Beacon Ring hillfort
Beacon Ring hillfort
The circular shape of this prehistoric hillfort is still clearly visible on Long Mountain. The fort was built and first occupied between the later Bronze Age and the early Iron Age – after 1000BC and before the arrival of the Romans c.50AD
In Welsh the fort is called Caer Digoll (Caer = fort), which came from the Welsh name for this ridge, Cefn Digoll (digoll = complete, unbroken).
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The fort’s English name refers to a beacon which was last lit at the site in June 1887, celebrating Queen Victoria’s Golden Jubilee (50 years as monarch). A 1663 map of the Leighton Estate shows a pole with a fire-basket and ladder at what is called “The Beacon place”. Tarred rope was usually burnt in iron fire baskets of this kind as a signal at times of emergency. The plan of the Beacon Ring hillfort shown on this map is possibly the earliest depiction of a hillfort in Wales.
The hillfort, close to the ancient Wales-England border, appears in legends. One of the earliest references is in Canu Llywarch Hen saga (“The song of Llywarch the Old”), dating from the 9th or 10th century. In a passage about hostilities in the 7th century between the British prince Cadwallon and Edwin, Anglo-Saxon king of Northumbria, Beacon Ring is described as the "lluest" or camp of Cadwallon where he stayed for seven months, carrying out seven skirmishes daily.
In August 1485 Cefn Digoll was a key rendezvous point in Henry Tudor’s quest to overthrow King Richard III. Henry and his embryonic army of about 2,000 mercenaries had marched here from Pembrokeshire via Cardigan and Machynlleth. Another group, led by Rhys ap Thomas, followed a more southerly route from Pembrokeshire via Brecon to Cefn Digoll. Here soldiers from across North Wales joined the assembly, taking Henry’s army to almost 4,000 men.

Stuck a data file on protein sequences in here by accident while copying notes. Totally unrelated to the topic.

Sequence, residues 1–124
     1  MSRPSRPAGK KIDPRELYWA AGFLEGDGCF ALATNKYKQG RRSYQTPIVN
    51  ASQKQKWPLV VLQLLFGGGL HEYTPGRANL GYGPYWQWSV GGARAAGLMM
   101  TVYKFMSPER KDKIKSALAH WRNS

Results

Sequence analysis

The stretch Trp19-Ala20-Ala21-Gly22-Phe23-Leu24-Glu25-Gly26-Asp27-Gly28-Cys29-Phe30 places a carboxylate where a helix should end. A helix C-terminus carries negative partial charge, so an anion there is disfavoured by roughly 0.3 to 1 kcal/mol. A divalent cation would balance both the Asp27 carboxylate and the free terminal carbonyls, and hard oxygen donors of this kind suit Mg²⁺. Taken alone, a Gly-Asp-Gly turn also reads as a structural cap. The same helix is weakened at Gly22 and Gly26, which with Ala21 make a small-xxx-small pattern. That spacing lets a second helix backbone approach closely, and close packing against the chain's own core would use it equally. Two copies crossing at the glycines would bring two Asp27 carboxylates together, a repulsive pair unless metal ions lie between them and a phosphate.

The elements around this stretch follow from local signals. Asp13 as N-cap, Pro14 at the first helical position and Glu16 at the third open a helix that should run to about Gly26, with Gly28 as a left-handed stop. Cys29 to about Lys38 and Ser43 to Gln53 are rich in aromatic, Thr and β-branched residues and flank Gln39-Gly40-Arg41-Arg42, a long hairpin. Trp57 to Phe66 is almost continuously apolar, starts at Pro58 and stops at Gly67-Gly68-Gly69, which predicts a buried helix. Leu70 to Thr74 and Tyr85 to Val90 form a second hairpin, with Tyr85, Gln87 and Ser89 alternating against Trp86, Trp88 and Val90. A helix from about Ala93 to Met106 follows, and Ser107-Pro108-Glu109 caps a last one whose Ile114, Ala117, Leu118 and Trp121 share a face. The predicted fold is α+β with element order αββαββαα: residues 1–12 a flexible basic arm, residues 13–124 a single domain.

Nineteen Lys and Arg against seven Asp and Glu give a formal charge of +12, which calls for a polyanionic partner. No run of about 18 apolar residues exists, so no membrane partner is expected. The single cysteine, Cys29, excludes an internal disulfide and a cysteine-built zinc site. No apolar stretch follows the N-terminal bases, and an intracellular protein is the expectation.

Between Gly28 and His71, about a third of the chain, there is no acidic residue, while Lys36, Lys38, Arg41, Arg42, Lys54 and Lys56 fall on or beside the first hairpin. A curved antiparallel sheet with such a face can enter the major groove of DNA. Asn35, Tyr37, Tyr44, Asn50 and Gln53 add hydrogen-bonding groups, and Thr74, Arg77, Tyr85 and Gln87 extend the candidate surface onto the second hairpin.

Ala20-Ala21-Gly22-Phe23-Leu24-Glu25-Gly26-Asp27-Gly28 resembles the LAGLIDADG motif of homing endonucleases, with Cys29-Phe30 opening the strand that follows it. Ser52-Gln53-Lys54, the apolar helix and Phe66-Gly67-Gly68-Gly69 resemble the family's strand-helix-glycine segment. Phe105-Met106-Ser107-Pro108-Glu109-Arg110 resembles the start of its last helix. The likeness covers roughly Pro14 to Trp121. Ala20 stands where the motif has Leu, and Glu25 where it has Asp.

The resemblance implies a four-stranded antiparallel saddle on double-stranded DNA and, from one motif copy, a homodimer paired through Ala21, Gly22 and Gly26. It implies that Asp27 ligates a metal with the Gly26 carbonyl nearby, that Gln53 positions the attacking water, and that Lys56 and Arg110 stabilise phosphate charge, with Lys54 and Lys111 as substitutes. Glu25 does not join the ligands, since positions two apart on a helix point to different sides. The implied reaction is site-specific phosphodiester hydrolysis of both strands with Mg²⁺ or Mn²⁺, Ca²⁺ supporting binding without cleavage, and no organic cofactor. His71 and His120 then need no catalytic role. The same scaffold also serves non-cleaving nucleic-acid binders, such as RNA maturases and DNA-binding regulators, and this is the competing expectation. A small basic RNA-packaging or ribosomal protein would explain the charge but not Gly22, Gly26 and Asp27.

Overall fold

Having received such strong support from Wales, Henry continued from Cefn Digoll with confidence across the border to Shrewsbury. He commanded c.5,000 men by the time the battle began in Bosworth, Leicestershire. Richard III was killed, despite commanding at least twice as many soldiers as his rival. Henry was crowned King Henry VII, ending 30 years of war between the houses of Lancaster and York and beginning the Tudor dynasty which profoundly influenced British history.
In 1953 the hillfort was planted with a mixture of pine and beech trees to pick out the letters E II R (for Elizabeth II Regina). This was to celebrate the Queen’s coronation but the effect is invisible, except to the few who fly over.
In 2008 the hillfort was acquired by the Clwyd-Powys Archaeological Trust. One of its priorities for the site is to remove the trees and to recreate the upland meadow which existed at the site until the early 1950s.